Act 2, Scene 21
One Last Taste of Firenze

Ancient Rome, The Italian Renaissance, And Postmodern Love

by Frederick Noble

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Up early, we parted with Cortona. As tradition held, we somehow ended up on the wrong bus and had to walk to the train station from down the road but we made it to the train on time. We were headed to Venezia (Venice) a day early to meet with Heather's friend Jenny and decided to swing through Firenze (Florence) to give Lena a tour.
Our third trip to Firenze...

"The thrill is gone. The thrill is gone away."
B.B. King

Cortona to Florence ticket stub
Firenze just isn’t that big a town and I felt like we’d seen it all. I also felt like there was no way we could top the nights we’d had there before. But more than anything the not-so-sweet sorrow of having to part from this country weighed heavily on my soul.
Lena was suitably impressed with Firenze, however, and her joy was contagious.

Santa Maria Novella, Florence
Another of the antique photos of Firenze I found in a flea market in the States. Santa Maria Novella was begun in the late 1200's, but this facade is the best part. It was added much later, in the 1400's. Designed by Leonbattista Alberti, it is often credited as the beginning of Renaissance architecture.

We showed her the sights and saved the best for last, a return trip to Vivoli that I didn't expect to get! We trekked across town, turned down Stinche street and suddenly I'm stunned. Lena and Heather kept walking, failing to notice the front door with the sign "Closed for vacation," in Italianio of course.
They turned around to see my long face and realized why. We sulked back across town in search of something to make us forget. A sad, second-rate gelato didn’t even come close to making up for it.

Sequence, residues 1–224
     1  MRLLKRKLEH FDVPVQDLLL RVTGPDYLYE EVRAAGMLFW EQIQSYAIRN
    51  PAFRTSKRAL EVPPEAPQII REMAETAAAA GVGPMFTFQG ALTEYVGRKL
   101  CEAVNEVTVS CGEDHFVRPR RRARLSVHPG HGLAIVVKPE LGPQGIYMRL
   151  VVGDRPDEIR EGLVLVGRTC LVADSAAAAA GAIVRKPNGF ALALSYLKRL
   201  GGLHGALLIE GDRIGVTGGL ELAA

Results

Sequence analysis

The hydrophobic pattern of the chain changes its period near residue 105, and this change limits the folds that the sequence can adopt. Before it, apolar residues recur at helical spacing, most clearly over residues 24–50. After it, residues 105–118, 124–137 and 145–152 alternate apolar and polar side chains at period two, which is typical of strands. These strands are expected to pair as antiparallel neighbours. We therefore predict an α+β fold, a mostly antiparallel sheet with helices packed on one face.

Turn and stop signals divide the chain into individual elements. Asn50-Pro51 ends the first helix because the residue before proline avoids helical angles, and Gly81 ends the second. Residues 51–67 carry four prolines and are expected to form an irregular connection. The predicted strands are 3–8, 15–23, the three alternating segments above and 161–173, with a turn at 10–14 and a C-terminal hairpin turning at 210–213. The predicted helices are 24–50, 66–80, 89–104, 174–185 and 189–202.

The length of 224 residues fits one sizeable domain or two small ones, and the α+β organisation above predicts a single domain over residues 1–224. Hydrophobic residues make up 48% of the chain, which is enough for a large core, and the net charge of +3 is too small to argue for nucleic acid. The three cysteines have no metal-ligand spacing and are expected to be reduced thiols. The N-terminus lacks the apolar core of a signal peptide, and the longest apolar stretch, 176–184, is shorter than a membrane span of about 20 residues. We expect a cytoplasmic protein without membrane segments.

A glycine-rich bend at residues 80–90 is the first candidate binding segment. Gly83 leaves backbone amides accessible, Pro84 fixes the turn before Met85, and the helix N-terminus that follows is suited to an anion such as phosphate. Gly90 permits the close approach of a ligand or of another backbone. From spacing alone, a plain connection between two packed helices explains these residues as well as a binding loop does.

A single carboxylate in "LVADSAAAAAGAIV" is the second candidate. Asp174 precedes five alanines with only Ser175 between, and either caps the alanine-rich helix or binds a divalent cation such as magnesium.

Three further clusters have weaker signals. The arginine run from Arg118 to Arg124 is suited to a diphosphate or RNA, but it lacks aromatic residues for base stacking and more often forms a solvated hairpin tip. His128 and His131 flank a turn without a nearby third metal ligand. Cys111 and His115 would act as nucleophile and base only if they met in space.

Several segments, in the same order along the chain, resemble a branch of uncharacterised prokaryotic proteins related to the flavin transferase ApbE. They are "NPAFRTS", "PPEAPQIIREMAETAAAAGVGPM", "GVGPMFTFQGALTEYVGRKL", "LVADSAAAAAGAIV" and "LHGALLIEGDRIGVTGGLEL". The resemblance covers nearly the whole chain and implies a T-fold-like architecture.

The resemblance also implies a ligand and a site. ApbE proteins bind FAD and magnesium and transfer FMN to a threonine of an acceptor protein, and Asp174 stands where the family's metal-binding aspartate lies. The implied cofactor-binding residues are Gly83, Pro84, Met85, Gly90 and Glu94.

As further torture, we stayed at the same hotel Heather and I had stayed at our first weekend in Firenze. We gazed out the window with fond memories but Lena’s presence prevented any replay of the passionate scenes. Someone a little less pure probably wouldn’t have stopped us, but Lena is like family, the sister I never had.
Santa Maria Novella, Florence
Most folks know Santa Maria Novella because the train station is right behind it and it's surrounded by bars full of English speaking staff.

Another of the antique photos of Firenze I found in a flea market in the States. This is the courtyard of the Bargello, a marvelous palace-turned-museum housing tons of glorious sculpture.


This little cutie is Donatello's Amor. I new all the Renaissance artists were gay but I didn't know they were into children in chaps...


Donatello has several works in the Bargello, such as this St. George, missing his sword, spear and helmet. The relief piece below the statue marked a drastic change from medieval to Renaissance methods of relief work.



When confronted with big, beautiful statues sometimes the small, delicate stuff gets overlooked. But if you take your time you'll find a few wonderful trinkets here and there.


Another of the antique photos of Firenze I found in a flea market in the States. This is San Lorenzo, where the Medici Chapel is located. They never got a facade on this building so it's not the prettiest place on the outside. You won't ever see it this deserted by day either. A massive outdoor market fills these streets, with some excellent deals on leather and other goods.


Behind the church of San Lorenzo is the Medici Chapel where most of the famed family is buried in opulent crypts by Michelangelo. I'm not a big fan of the works, they're gaudy and the sculptures of women are obviously men with breasts stapled on them, but the floor and walls and tombs are all covered in precious stones and marble.

Babbling with Lena on the train headed north, I discussed my plans for the grand finale of the trip.
"So what are you going to do in Amsterdam?" she asked.
"Get stoned and pay for sex."
"No!"
"Yep."
"No!"
"Ha ha... yes!" I giggled.
"Why?"
"Because I can! Besides, what else is there to do in Amsterdam?"
"Walk around and enjoy the beautiful city!"
I burst out in hysterics. Lena's not truly degenerate but at least she's tolerant of those of us who are. I was determined to corrupt her bit by bit.
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